thumbnailFigure 6. The effect of DNMT1 inhibition on embryonic attachment in vitro. A: Blastulas collected from ICR mice were pre-treated with or without DNMT1 inhibitor and placed on an Ishikawa cell-covered plate. Erosion of Ishikawa cells occurred after implantation (The bar represents 100 μm). B: Pretreatment with DNMT1 inhibitor significantly decreased the implantation rate of embryos in vitro. The rate of embryo attachment to Ishikawa cells was 30/71 (42%) and 55/71 (77%) at 48 hours and 72 hours, respectively, for the control group. The rate decreased to 18/71 (25%) and 43/71 (61%) at 48 hours and 72 hours, respectively, in the procainamide treatment group (* P < 0.05). C: The presence of DNMT1 inhibitor did not affect the LIF expression in Ishikawa cells. LIF, leukemia inhibitory factor.

Discussion

During mammalian embryo implantation and development, DNA methylation undergoes dramatic reprogramming that is crucial for the development of both the embryo and the maternal endometrium [23-26]. In the present study, we showed that DNMT1 and DNMT3A were expressed in human villous trophoblast and glandular epithelial cells of decidua. DNMT1 was significantly down-regulated in the villous of women with EPL, but not in the decidua. DNMT3A expression was not significantly changed in the EPL group compared to the control group. The global DNA methylation level was significantly lower in the EPL villous than in villous from the controls. These findings suggest that insufficient embryonic maintenance methylation is associated with abnormal embryonic development in human early pregnancy loss. Evidence from in vitro and in vivo studies confirmed the importance of maintenance DNA methylation in embryo implantation and development. To the best of our knowledge, this is the first report describing defects in DNA maintenance methylation in the pathogenesis of EPL.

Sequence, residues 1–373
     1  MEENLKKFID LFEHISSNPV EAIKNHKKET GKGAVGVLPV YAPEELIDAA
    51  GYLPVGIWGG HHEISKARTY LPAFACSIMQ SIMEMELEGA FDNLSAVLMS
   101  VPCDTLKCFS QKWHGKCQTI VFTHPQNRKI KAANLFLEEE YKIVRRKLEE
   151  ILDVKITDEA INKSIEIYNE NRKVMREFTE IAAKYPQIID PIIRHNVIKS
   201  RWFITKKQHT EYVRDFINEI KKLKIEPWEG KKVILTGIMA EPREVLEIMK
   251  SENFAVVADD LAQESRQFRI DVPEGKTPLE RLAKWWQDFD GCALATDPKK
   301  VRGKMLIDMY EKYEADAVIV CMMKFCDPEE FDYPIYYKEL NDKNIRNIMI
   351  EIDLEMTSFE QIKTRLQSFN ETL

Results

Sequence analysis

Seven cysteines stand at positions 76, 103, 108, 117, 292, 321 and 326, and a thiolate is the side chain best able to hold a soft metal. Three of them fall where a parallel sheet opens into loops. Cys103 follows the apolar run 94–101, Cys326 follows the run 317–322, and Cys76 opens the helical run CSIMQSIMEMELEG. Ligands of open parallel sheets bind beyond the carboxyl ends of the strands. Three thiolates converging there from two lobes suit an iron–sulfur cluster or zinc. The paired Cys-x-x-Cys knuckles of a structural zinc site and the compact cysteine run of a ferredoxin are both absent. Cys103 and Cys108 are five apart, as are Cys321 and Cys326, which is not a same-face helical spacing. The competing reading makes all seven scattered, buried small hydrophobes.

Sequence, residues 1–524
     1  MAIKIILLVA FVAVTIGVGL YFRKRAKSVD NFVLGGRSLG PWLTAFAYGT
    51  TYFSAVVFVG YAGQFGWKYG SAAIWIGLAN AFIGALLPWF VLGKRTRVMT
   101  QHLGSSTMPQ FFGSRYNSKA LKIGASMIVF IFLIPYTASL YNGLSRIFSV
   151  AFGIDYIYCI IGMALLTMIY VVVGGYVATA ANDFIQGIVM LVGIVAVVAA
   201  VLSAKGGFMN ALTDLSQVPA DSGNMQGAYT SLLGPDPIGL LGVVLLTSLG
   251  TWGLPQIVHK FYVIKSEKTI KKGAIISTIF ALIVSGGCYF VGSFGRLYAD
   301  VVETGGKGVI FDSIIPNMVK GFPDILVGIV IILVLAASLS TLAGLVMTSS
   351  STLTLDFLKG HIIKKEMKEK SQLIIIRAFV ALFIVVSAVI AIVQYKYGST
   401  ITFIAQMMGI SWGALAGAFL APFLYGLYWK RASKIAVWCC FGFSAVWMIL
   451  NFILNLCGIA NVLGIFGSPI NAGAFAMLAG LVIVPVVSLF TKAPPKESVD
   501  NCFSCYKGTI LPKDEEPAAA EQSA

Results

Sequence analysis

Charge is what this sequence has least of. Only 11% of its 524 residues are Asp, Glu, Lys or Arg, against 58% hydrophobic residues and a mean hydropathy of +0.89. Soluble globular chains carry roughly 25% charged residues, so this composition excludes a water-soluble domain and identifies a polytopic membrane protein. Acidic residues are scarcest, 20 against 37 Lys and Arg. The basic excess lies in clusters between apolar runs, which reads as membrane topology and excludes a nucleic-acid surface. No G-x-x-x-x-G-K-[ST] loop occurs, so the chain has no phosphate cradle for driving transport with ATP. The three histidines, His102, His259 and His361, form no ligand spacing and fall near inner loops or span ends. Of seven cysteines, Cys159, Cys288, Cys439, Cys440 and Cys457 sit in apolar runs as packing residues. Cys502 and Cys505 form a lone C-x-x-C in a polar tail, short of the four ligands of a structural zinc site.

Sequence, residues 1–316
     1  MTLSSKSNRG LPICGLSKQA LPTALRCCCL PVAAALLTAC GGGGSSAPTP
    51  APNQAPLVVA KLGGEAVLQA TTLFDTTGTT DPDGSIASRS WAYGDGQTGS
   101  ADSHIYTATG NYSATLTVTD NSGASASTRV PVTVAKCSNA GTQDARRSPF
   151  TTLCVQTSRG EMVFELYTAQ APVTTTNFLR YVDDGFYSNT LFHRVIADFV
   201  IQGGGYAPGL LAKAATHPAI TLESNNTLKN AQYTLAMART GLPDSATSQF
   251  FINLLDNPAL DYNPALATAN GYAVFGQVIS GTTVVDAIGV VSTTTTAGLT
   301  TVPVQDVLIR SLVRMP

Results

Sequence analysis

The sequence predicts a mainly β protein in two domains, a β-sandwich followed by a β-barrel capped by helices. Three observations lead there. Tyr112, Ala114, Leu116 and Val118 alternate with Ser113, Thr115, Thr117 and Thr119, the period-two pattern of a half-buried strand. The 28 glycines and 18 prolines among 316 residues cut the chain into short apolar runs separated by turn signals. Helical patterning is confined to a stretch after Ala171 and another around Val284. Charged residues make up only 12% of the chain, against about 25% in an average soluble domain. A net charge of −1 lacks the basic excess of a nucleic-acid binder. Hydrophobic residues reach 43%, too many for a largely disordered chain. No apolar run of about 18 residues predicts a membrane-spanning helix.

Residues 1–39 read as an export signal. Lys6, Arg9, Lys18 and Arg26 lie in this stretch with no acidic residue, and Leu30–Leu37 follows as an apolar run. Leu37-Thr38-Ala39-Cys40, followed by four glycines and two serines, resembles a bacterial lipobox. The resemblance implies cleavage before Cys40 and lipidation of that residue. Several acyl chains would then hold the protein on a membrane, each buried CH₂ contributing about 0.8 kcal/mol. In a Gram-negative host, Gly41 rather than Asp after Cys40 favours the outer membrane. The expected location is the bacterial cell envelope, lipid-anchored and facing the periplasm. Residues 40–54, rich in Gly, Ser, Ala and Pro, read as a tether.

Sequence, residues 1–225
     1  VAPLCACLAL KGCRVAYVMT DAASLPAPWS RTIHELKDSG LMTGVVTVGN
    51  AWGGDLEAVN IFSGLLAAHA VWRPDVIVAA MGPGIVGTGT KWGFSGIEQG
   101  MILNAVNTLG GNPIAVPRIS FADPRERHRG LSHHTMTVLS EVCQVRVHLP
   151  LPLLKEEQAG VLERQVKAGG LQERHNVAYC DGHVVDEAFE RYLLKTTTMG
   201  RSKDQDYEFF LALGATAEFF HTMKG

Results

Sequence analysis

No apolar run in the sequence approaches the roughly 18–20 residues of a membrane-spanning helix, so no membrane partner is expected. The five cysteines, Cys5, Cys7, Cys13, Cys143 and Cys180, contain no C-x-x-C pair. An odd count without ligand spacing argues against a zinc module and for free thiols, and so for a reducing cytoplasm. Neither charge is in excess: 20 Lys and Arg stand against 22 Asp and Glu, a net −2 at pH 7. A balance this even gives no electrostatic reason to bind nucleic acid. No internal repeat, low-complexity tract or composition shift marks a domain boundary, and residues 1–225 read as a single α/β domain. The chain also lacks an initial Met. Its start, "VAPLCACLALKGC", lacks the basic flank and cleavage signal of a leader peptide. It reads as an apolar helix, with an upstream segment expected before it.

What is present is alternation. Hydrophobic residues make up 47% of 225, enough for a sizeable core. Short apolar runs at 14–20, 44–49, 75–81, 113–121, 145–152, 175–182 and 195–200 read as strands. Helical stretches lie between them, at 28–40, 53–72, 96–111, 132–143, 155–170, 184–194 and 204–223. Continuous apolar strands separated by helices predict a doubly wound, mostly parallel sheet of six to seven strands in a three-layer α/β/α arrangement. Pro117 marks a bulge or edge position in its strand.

In the present study, we first demonstrated that DNMT1 and DNMT3A proteins were expressed in the nuclei of the villous trophoblast and glandular epithelium of normal human decidua. DNMT3B, a de novo methyltransferase, was detected with low expression in decidual tissue, but not in villous (data not shown). The most likely explanation is that DNMT3B is not expressed in extra-embryonic lineages of post-implantation embryos [27]. The expression of both DNA methyltransferases suggests that DNMT1 and DNMT3A may be DNA methylation regulatory enzymes at the feto-maternal interface during early embryo development. Subsequent semiquantitative analysis supported a pathological role of DNMT1 in EPL. De novo methyltransferase DNMT3A expression had no evident relationship with EPL. A possible reason might be that de novo methylation mainly happens during epigenetic reprogramming in the gametes and preimplantation embryo [28,29]. After embryo implantation, the methylation is maintained by DNMT1 [30] and there is no noticeable de novo methylation change in the post-differentiated human villous [31].

For the global methylation assay, we used the Methylamp™ Global DNA Methylation Quantification Ultra Kit. This commercial product for global methylation assay is commonly used [32]. The assay uses a 5-methylcytosine antibody to distinguish methylated from unmethylated cytosine. These assays are influenced significantly by mCpG density so that more highly methylated regions are detected better than regions of low methylation density. These methods do not offer accurate quantitative results; however, they do allow comparisons between groups. The methylation levels in the EPL group and the control group were measured at the same time with the same kit to decide whether there is a relative difference of DNA methylation level between the two groups. Our results show that, compared with the control group, global DNA methylation was significantly reduced in the EPL group both in the patient samples and in the animal model.